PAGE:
• Shake off extra flour from the fish so it is not losing flour as you transfer it to the hot oil. Once the oil is hot, add your fish to the frying pan. If the oil is hot enough, the fish will make a sizzling noise as soon as it comes in contact with the oil. Let the fish rest in the pan once it is there. Don’t try to adjust it.
  • Wait to flip the fish over to the other side to cook until you see the fish start to brown on the bottom side. The edges may lift up on either end, making it easy to flip the fish over. When you see the edges browning, flip over the fish and let it cook until it has become brown on both sides. If you are having trouble getting the fish loose from the pan, it is not ready to flip yet or you didn’t put down enough butter in the pan.
  • Once the fish is cooked on both sides, you can take it out of the pan and serve right away.
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If you are cooking the haddock without flour, the edges will still brown when it is time to flip the fish over. Look for that sign that it is ready to be moved, and do not move the fish at all until then. Once again, test the fish with your spatula to see if it can be lifted easily. If it is not lifting yet, don’t try to force flip it. Give it a little longer and once the edges are browning, test every 30 seconds to see if you can flip it.

That’s how to cook haddock fish in a pan, and you can use the same cooking methods for other kinds of fish as well. As long as the filets are thin, the same frying method works great. I use the same method or a similar one for cooking catfish, salmon, trout, halibut, and more.

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Haddock Frying Tips

How to cook crispy haddock in a pan with a heavy outer layer? You can use more flour in your mixture (about half a cup) and rub the fish with a beaten egg. Then, add a half cup of milk to the flour mixture or just enough to make a batter. Mix that together and cover your fish with the batter. Then, cook as directed above. You will get a very crispy, well battered fish.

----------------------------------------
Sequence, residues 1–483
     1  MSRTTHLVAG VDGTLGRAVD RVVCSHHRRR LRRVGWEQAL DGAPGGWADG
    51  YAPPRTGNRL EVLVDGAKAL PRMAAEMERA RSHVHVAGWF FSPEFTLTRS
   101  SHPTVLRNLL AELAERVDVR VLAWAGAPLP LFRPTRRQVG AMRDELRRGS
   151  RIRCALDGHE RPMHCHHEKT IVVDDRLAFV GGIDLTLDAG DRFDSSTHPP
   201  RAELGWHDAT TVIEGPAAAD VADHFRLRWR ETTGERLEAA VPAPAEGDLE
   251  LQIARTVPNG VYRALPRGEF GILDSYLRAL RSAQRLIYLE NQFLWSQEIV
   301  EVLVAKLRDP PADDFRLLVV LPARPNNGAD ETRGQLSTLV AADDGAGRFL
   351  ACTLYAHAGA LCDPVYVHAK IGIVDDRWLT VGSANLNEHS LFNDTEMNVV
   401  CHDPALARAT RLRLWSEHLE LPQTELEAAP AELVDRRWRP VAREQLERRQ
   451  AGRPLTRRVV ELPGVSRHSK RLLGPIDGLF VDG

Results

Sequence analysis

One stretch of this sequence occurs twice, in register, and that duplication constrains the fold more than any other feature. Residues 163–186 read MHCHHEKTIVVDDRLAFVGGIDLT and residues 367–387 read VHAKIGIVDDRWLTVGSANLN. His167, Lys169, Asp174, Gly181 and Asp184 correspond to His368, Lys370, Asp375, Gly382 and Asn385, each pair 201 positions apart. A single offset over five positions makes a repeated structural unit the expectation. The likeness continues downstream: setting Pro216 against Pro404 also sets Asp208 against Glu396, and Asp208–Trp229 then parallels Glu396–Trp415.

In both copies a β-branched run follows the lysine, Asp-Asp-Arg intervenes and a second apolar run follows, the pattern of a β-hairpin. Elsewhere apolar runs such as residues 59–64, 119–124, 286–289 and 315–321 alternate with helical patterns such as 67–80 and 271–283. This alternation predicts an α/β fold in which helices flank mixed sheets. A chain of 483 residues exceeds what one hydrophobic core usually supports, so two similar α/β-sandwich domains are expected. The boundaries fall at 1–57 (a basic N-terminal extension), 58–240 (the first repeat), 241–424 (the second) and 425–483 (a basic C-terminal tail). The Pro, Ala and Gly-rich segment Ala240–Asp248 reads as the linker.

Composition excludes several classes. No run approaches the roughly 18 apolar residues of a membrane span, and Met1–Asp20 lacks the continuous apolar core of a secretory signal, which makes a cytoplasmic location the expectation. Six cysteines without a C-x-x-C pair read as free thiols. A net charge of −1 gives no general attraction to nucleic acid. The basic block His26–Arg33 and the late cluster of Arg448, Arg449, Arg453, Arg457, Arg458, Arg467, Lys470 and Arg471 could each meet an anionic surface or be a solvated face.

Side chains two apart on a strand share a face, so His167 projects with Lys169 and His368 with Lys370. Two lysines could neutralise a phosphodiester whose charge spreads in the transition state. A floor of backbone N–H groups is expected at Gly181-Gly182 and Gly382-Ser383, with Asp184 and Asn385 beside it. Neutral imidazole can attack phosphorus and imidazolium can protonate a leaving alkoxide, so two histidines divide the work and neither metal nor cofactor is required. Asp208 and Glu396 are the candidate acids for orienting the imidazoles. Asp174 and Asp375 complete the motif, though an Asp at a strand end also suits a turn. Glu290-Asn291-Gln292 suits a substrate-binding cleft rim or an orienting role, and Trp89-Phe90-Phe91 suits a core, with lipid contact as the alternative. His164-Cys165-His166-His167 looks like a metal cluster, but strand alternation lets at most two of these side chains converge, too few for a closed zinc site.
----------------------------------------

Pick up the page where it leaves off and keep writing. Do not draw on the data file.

How to cook haddock in a frying pan that isn’t drenched in oil? Just dry of the fish with a paper towel when it is done. Be sure to let the fish drain when you lift it out of the oil as well. Don’t let it sit in the oil for very long after cooking and leave it to drain for a few minutes on a cooling rack. All of these small measures help to eliminate a lot of the oil from the fish, giving you a healthier, leaner meal that isn’t as fatty.

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You see how easy haddock is to cook, and most other kinds of fish filets are just as easy to cook. It only takes a few minutes, there are not a lot of steps or ingredients involved, and it’s tough to mess it up and cook it wrong once you are watching the fish as it cooks.

I strongly suggest using seasonings like what I have listed for this recipe or other similar seasonings that have some potency to them to help with the fish flavor. You want your fish to be flavorful but not overly fishy in its taste and smell.

Written by Pauline

I'm Pauline, a mother of four grown children, my passion for cooking stemmed from the joy i get cooking for my family. I love to try new dishes, especially when dining out but creating and sharing my own recipes is my favourite thing to do!